These data sources served to reconstruct population changes in each country or area from 1950 until the present. In doing so, the Population Division used the cohort-component method (United Nations, 1956) to ensure internal consistency by age and sex and over time, and between the three demographic components of change (fertility, mortality and migration) and the enumerated population. All computations are done by single year of age and by one-year time interval. For demographic balance accounting, population figures are now computed for 1 January (0h) of a given year, and all counts and rates of vital events refer to calendar years (from 1 January until 31 December). The cohort-component method was also used to project population trends until 2100 using a variety of demographic assumptions concerning the components of population change.

In the 2022 revision, the figures from 1950 up to 2021 are treated as estimates, and thus the projections for each country or area begin on 1 January 2022 and extend until 2100. Because population data are not necessarily available for that date, the 2022 estimate is derived from the most recent population data available for each country, obtained usually from a population census or a population register, projected to 2022 using all available data on fertility, mortality and international migration trends between the reference date of the population data available and 1 January 2022. In cases where data on the components of population change relative to the past 5 or 10 years are not available, estimated demographic trends are projections based on the most recent available data. Population data from all sources are evaluated for completeness, accuracy and consistency, and adjusted as necessary.

In projecting future levels of fertility and mortality, probabilistic methods were used to reflect the uncertainty of the projections based on the historical variability of changes in each variable. The method takes into account the past experience of each country, while also reflecting uncertainty about future changes based on the past experience of other countries under similar conditions. The medium-scenario projection corresponds to the median of several thousand distinct trajectories of each demographic component derived using the probabilistic model of the variability in changes over time. Prediction intervals reflect the spread in the distribution of outcomes across the projected trajectories and thus provide an assessment of the uncertainty inherent in the medium-scenario projection. In addition, a number of projection scenarios were produced to convey the sensitivity of the medium-scenario projection to changes in the underlying assumptions, and to explore the implications of alternative future scenarios of population change (see Definition of Projection Scenarios).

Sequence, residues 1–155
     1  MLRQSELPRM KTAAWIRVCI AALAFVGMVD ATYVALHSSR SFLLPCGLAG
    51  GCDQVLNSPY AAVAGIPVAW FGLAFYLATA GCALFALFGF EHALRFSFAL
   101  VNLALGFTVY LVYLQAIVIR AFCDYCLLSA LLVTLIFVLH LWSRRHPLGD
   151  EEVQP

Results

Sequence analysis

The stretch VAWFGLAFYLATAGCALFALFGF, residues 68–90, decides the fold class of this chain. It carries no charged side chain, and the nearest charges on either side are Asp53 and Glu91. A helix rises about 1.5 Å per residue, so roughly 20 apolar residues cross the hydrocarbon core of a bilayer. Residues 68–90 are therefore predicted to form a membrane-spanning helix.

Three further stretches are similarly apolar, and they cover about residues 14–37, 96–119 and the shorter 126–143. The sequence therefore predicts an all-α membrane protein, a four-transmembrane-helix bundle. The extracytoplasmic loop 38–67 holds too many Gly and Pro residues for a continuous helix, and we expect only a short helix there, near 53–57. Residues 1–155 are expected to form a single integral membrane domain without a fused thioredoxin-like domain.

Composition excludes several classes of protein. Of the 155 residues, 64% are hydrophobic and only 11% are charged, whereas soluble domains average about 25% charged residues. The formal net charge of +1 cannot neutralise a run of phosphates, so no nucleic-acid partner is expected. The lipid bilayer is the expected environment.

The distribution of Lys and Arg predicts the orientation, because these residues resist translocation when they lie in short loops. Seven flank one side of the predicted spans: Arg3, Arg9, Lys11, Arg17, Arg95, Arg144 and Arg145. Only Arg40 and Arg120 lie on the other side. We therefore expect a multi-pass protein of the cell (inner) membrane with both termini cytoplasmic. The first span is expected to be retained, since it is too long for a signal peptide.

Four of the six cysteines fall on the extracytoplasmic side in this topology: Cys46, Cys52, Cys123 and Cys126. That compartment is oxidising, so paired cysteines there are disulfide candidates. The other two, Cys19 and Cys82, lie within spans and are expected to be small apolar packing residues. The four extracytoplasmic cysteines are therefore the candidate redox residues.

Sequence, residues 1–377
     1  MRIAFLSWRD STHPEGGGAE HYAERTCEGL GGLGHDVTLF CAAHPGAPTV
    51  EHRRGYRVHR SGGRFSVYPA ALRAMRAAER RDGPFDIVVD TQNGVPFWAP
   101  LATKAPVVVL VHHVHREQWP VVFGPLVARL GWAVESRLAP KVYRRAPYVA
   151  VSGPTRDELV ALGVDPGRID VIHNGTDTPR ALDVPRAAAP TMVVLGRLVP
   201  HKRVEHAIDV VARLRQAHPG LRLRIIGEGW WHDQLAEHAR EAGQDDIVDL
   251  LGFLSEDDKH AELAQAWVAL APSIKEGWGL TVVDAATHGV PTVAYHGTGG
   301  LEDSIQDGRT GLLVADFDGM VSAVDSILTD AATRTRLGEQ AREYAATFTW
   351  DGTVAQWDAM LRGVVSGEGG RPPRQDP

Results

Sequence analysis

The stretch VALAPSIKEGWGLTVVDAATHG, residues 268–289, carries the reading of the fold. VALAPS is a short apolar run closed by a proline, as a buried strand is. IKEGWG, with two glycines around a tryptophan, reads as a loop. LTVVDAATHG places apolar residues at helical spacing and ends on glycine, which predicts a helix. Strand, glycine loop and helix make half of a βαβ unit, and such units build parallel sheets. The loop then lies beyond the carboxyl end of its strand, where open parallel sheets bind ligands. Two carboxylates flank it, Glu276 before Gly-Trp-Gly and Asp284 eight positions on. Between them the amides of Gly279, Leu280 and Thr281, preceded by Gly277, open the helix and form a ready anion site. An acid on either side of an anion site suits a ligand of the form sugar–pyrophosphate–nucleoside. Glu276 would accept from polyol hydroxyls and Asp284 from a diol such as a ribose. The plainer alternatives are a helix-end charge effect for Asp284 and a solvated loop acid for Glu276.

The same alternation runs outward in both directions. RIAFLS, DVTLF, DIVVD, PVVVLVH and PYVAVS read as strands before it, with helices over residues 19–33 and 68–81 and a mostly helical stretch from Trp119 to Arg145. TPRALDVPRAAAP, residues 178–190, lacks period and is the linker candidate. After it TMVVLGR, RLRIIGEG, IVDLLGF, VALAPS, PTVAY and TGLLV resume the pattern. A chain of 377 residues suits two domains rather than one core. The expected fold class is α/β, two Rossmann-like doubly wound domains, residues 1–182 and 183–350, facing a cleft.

For further details, see also the report World Population Prospects 2022: Methodology of the United Nations Population Estimates and Projections.

* Including the Human Mortality Database and Human Life Table Database (UC Berkeley, MPIDR and INED), the Human Fertility Database and Human Fertility Collection (MPIDR and VID), the Latin American Mortality Database–LAMBdA (University of Wisconsin-Madison), the Global Burden of Disease project (IHME, University of Washington), the International Database (U.S. Census Bureau).

Disclaimer: This web site contains data tables, figures, maps, analyses and technical notes from the current revision of the World Population Prospects. These documents do not imply the expression of any opinion whatsoever on the part of the Secretariat of the United Nations concerning the legal status of any country, territory, city or area or of its authorities, or concerning the delimitation of its frontiers or boundaries.